Water security vital to solving food and energy shortages amid national drought emergencies across Southern Africa

24 May 2024
Sheep walking across the dried up bed of the dam of Yargho, in the villag of Yargho, in the Commune of Toece, Bazega province, south-central region, Burkina Faso, February 2021.
Image: WaterAid/ Basile Ouedraogo

Three countries in Southern Africa – Malawi, Zambia and Zimbabwe - have declared national drought emergencies, with very little rain relief forecast until the end of the year. The drought has led to concerns over food security and energy deficits leading to power cuts, however neither can be tackled without urgently prioritising water security, warns WaterAid as world leaders meet at the 10th World Water Forum in Bali this week (18th-25th).

The national climate emergencies have hit just as world leaders meet together in Bali for the 10th World Water Forum. The climate crisis is a water crisis, with Southern Africa experiencing in recent years increasingly longer periods of drought, often paired with unpredictable flooding – all of which are causing water sources to dry up or become contaminated, making life unbearable for millions.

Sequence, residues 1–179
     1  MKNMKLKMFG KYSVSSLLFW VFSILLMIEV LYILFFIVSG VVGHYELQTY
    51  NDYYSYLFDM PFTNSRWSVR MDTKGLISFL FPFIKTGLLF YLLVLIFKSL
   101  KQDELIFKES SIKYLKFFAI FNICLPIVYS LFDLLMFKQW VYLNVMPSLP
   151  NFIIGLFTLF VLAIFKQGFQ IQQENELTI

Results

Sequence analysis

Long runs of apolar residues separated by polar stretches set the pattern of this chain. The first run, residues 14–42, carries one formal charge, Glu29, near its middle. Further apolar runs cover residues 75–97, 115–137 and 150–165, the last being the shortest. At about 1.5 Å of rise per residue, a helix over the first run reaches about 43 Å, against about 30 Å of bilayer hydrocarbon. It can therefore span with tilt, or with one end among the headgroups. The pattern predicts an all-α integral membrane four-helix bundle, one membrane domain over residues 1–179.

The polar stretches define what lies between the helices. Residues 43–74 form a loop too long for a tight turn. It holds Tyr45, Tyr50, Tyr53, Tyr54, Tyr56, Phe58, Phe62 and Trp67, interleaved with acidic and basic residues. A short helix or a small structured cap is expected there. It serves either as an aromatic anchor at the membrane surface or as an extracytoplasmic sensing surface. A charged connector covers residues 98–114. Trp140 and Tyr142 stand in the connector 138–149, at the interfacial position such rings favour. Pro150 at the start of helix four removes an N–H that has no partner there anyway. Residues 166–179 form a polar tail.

As many as nine million people in Malawi could be impacted by both flood and drought, according to Reliefweb. Indeed the country faces the extraordinary situation where the water levels in Lake Malawi are the highest since 1980 and yet nearby areas are stricken by drought with fields full of withered maize. This year’s maize harvest is expected to be nearly a quarter below average and the price has already risen by 40% since last year, leaving farmers unable to plant their crops and families struggling to get by financially without sources of water.

From electricity and food shortages to disease outbreaks, water is crucial for addressing the urgent challenges brought about by the devastating drought in Southern Africa. WaterAid’s Southern Africa regional director Robert Kampala is urging national governments, regional organisations and development partners at the World Water Forum in Bali to focus their response to the drought on the long-term goal of water security in the face of climate change.